Heading into the Orange Bowl, Brown has 1,318 yards and 10 TDs. He’s the kind of deep threat and run-after-the-catch weapon Washington’s offense needs. Think Brandin Cooks.
Round 3 – 79th Pick – FS, Taylor Rapp, Washington
There is a chance a player like Rapp could rise on big boards as the draft draws closer.
He’s a hard-hitting, smart, high-character player who has had to scrap for everything he’s gotten in the sport. If available in the third round, Washington might have an opportunity to grab a player who could start at this position from Day One.
Rapp has the looks of a player who could be one of the draft’s biggest steals.
Round 3 – TE, Caleb Wilson, UCLA
Jordan Reed will finish the season on injured reserve, and while he’s only 28, he has had his share of injuries. Vernon Davis is 34 years old and Washington could stand to add another young and capable receiving option at TE. Wilson would seemingly fit the bill.
He reminds me a bit of the Chicago Bears’ Trey Burton, only he might be slightly slower on the field. Still, he’s established himself as a guy who knows how to find open spots in zone defenses.
Round 5 – OL, Yodny Cajuste, West Virginia
Cajuste is a tackle in college, but with a smallish 6’4″ 315-pound frame, he might be looking at a move inside in the NFL. Scouts seem to be up and down on him, but in the fifth round, it wouldn’t be a bad option for Washington to add some depth to its O-Line.
Round 6 – WR, KeeSean Johnson, Fresno State
Good size, hands and he’s been productive on the college level, but there are concerns as to whether he can gain separation from defenders in the NFL.
Round 7 – OLB, CeCe Jefferson, Florida
This pick could wind up being nothing more than depth at OLB, a practice squad player, a special teamer or someone who simply doesn’t make the roster at all.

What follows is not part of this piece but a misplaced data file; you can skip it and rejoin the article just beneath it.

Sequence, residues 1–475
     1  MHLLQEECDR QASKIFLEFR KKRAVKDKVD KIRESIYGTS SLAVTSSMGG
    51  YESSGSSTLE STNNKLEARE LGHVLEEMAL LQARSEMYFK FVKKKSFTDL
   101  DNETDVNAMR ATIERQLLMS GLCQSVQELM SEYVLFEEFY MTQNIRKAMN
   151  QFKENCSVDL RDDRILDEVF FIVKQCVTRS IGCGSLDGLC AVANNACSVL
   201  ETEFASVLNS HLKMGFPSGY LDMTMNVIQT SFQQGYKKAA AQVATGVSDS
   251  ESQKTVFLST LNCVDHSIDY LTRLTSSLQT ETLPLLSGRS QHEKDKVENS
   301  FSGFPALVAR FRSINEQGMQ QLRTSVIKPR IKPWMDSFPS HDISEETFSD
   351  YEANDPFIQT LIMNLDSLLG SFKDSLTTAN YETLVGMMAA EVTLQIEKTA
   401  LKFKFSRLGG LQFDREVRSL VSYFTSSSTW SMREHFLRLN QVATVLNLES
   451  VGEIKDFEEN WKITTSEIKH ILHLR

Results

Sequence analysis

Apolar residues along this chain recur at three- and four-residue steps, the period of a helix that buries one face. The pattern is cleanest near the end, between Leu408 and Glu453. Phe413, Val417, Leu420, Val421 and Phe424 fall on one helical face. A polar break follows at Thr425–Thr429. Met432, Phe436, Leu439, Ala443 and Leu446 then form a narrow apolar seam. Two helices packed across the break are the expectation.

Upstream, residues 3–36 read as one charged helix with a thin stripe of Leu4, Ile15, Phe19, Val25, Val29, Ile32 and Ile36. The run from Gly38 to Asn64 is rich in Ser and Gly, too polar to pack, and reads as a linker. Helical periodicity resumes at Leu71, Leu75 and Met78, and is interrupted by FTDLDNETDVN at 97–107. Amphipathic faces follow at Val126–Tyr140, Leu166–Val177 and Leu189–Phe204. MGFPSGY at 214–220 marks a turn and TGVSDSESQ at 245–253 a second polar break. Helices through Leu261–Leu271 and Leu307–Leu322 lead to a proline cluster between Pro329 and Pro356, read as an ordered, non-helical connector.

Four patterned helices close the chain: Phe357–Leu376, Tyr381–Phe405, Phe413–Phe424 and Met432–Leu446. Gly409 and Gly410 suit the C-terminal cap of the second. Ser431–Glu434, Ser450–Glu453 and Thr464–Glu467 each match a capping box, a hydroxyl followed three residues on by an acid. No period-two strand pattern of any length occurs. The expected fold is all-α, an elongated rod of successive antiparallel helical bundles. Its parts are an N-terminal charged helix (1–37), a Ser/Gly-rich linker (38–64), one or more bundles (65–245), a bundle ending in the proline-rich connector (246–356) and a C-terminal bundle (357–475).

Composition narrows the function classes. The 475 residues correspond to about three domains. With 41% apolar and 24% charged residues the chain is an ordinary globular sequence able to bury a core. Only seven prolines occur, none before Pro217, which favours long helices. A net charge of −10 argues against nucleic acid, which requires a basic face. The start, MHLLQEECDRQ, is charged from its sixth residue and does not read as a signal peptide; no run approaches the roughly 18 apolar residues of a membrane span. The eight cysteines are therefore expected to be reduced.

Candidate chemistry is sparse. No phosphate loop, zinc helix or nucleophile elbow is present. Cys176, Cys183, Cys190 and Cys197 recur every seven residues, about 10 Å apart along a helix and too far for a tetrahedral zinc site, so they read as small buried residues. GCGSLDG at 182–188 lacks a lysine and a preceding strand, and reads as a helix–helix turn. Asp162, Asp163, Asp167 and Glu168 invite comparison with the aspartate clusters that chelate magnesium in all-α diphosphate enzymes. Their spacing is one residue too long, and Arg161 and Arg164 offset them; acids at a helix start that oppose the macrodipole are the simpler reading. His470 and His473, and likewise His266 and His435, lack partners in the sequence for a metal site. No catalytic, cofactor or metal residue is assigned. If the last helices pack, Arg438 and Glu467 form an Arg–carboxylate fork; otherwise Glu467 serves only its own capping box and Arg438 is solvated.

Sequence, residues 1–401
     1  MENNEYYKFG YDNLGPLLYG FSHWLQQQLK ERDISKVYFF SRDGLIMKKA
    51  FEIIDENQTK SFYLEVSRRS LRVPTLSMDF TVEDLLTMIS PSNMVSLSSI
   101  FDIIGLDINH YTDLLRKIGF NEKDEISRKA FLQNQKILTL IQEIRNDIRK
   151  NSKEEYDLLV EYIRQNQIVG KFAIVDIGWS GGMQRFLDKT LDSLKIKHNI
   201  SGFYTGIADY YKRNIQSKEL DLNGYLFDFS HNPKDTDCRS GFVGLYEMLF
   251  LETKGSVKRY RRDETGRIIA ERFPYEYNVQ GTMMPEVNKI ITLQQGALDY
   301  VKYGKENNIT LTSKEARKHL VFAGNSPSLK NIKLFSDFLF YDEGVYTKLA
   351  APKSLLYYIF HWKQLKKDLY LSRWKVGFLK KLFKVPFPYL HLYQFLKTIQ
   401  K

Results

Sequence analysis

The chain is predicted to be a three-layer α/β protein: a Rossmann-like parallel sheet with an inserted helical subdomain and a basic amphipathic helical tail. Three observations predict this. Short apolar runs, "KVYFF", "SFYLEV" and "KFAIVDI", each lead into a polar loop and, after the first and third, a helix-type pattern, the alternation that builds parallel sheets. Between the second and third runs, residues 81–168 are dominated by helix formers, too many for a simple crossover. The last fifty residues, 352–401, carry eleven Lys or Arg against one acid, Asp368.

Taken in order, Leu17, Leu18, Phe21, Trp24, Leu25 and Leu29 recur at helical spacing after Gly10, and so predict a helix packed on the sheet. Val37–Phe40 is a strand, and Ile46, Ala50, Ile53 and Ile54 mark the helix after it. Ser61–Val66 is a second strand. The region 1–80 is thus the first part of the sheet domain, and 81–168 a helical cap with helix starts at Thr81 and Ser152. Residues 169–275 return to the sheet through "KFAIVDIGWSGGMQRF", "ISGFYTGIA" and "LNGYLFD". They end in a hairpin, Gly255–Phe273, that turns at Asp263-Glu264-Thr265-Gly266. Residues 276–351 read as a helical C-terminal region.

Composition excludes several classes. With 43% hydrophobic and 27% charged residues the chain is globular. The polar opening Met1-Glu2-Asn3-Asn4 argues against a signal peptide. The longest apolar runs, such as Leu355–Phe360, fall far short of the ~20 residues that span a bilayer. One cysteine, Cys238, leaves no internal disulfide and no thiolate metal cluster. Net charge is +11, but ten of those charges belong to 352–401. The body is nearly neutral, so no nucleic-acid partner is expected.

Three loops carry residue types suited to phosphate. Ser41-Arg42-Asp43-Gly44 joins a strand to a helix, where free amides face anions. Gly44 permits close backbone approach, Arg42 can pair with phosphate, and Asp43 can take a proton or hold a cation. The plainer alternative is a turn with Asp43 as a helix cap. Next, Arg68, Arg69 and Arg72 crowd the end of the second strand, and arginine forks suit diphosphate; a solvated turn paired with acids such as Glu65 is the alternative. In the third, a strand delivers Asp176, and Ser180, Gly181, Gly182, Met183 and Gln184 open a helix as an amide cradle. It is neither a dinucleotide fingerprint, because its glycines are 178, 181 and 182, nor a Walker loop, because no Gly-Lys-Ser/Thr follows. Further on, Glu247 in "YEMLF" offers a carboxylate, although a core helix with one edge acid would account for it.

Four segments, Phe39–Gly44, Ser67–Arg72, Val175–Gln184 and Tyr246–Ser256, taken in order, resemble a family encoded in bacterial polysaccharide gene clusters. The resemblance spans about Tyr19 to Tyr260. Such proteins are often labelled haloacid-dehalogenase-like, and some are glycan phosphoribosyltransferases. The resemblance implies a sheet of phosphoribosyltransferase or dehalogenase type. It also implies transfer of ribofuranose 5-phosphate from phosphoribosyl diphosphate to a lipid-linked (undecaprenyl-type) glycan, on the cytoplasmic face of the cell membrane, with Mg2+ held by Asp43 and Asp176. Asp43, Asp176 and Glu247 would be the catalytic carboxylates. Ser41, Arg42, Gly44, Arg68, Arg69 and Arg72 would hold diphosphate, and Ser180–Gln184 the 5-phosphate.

At this point, every team is simply trying to find a player who can stick. Anything above that is icing on the cake.
Round 7 – QB, Justice Hansen, Arkansas State
This is a somewhat interesting concept for the Redskins. The QB situation is perhaps the worst in the NFL considering Smith’s injury and the lack of backups.
Because of this, it’s not crazy to think the team could use two of its picks on the QB position. Hansen has put up supercharged numbers for a stat-friendly system. He’s a dual-threat who has shown efficiency and effectiveness in a short-passing game. Some think his success is a little too predicated on short, easy throws, and that his delivery is far too slow.
If you think about it, that sounds a lot like Smith coming out of Utah, granted he was the No. 1 pick overall in 2005.
Clearly, Hansen isn’t being regarded as that kind of talent, but there would seemingly be a skill-fit match. At the very least, Washington would have two young QBs to develop for its future or a potential trade down the line.
Would Hansen be the worst third-string option given what we’ve seen from Washington in 2018?